Throughout her more than 70-year-career, Beverly Willis has made an impact on nearly every aspect of the architecture industry. Willis, who began her professional career as a fresco painter, is credited with pioneering the adaptive reuse construction of historic buildings. She also introduced computerized programming into large-scale land planning and created a permanent prototype for buildings designed exclusively for ballet, with the San Francisco Ballet Building, one of her most iconic and enduring projects. As a woman in the building industry during the middle of the 20th century, and without any formal architectural training, Willis faced barriers that her male co-workers did not.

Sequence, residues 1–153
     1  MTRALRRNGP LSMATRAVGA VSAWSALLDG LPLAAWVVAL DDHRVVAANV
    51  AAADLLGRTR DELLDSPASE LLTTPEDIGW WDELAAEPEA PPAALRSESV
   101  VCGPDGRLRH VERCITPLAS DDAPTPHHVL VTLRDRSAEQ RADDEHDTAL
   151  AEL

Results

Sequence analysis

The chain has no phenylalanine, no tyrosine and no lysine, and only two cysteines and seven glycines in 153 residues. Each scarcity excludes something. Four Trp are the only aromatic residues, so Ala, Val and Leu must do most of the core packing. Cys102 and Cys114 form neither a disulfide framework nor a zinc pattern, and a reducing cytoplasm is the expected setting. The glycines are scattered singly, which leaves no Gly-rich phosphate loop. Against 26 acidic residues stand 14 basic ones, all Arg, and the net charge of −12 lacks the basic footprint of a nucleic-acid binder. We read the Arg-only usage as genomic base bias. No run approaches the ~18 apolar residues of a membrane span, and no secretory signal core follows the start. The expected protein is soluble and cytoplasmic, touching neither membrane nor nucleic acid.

After decades of success, instead of retiring Willis, founded the Beverly Willis Architecture Foundation (BWAF), aimed at shining a light on women architects who were left out of the history books. In 2017, BWAF launched a website, “Pioneering Women of American Architecture,” that profiles 50 women who made significant contributions to the field. Ahead, architect Beverly Willis talks with 6sqft about how she became a pioneer in the field, the goals of her foundation and her continued push for gender equity in architecture, and beyond, through education and research.